The conversation also included the concept of intellectual and epistemic reparations as a form of reparative justice. Dismantling existing epistemic hierarchies is, in fact, a form of repair as it corrects what has previously been built on violence and prevents the reproduction of those same damaging dynamics. Material and financial reparations in larger community spaces are gaining some traction in this social moment, but as intellectuals, we can act concretely in our own spaces. Arathi asked that we think about what knowledge has been denied or silenced. How can we give voice – not in a paternalistic sense, but a critical, uncomfortable, and meaningful way – to diverse epistemologies? How can we think differently about dominant knowledge to see where that knowledge has become redundant or not feasible?

In moving forward with this series of reading groups, we discussed the possibility of collaborative writing to consider the future of the field. Terra suggested an approach used in the January TESF workshops, where visual notetakers asked participants three questions: what do you dread? What do you dream? How do you realise that dream? We will take these three questions forward, thinking around our dreads, dreams, and paths to realisation for the field of CIE when we meet again.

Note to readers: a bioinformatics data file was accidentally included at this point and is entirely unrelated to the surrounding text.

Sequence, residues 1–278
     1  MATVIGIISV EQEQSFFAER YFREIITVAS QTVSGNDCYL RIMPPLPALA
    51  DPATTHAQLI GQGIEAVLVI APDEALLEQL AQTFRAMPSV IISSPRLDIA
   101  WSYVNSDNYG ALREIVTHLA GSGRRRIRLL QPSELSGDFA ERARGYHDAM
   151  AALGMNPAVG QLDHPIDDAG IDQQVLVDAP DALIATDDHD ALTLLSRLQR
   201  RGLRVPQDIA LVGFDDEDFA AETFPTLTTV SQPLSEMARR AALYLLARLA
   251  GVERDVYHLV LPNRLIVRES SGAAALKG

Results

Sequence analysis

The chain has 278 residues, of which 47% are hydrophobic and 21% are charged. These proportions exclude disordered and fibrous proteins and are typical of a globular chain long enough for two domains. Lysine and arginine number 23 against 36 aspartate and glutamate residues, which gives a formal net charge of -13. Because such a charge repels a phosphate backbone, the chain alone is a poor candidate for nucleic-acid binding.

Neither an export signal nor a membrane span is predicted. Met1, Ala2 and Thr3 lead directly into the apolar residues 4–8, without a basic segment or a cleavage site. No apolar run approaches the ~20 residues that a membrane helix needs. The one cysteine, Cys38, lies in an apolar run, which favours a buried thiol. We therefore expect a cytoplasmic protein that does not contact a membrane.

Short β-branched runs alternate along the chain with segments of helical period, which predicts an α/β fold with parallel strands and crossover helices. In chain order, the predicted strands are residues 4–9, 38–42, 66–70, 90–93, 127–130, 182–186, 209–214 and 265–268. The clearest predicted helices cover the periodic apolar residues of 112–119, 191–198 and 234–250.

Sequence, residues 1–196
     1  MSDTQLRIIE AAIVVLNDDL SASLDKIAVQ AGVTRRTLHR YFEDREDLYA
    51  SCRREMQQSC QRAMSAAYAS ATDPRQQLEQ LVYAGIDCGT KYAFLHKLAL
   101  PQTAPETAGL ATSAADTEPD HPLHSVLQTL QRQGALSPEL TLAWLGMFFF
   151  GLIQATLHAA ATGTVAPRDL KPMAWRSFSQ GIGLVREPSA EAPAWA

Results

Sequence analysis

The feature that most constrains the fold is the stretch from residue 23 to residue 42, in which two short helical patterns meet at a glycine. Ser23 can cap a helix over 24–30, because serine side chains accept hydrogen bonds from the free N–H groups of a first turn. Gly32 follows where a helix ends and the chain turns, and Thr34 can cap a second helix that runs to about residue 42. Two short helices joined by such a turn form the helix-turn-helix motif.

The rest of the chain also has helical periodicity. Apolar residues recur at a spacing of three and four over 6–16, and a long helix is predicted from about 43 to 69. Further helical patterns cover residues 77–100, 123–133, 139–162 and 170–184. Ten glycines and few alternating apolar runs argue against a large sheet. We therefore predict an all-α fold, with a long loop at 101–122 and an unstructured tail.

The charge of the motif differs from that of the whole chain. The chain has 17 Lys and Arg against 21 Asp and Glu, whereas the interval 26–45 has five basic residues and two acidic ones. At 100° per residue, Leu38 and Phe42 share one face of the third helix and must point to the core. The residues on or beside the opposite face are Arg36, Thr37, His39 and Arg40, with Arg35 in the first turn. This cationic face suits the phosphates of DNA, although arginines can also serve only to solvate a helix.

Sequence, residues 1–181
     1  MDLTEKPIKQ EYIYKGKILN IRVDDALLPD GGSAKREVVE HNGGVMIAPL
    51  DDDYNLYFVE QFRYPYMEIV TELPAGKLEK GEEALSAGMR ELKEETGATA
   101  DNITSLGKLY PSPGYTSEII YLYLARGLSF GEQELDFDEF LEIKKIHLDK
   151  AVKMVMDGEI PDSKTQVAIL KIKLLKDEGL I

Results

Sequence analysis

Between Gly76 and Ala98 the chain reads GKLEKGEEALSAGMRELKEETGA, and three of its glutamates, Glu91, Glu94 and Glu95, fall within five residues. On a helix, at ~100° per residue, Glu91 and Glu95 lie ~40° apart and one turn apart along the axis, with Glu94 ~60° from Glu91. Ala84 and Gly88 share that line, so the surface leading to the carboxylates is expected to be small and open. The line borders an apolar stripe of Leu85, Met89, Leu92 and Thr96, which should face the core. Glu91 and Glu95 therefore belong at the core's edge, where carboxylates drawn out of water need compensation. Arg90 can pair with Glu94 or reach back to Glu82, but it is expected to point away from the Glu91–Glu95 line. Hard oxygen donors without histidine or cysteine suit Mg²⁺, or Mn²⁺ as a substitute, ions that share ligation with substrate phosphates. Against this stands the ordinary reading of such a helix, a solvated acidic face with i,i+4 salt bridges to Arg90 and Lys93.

Next meeting: Thursday, 9 July from 6:00-7:15pm on Zoom. We will look at the Vickers’ (2020) response to the Takayama et al. (2017) paper. Please sign up here

Vickers, E. (2020). Critiquing coloniality, ‘epistemic violence’ and western hegemony in comparative education–the dangers of ahistoricism and positionality. Comparative Education, 56(2), 165-189.

Colour-blind Racism in University Hiring

By Professor Robin Shields

In Paul Beatty’s novel The Sellout, the protagonist laments that his town of Dickens has lost its status as an official city. The fictitious city, based closely on Compton in Southern California, becomes absorbed into the greater city of Los of Angeles. The erased city limits of Dickens come to represent the paradoxical status of race, which is both a ubiquitous feature of life yet also a category that is not officially recognized in a “colour-blind” society.

The weeks following the killing of George Floyd in Minneapolis have witnessed two competing discourses on racism in British Universities. On the one hand, universities have been quick to vocalize their support for the Black Lives Matter movement, advocating racial equality in more assertive and urgent terms than in the past (e.g. 1, 2, 3, 4). On the other hand, critical commentators have rightly pointed to their poor record of supporting racial equality in practice (e.g. 5, 6, 7, 8, 9, 10, 11). This is evident in the lack of Black members of staff, who comprise just 2.1% of UK university staff but 13% of the population. Universities that truly value Black lives would ensure that they are well-represented and empowered in the organization, but the online movement #BlackInIvory highlights experiences of persistent marginalization.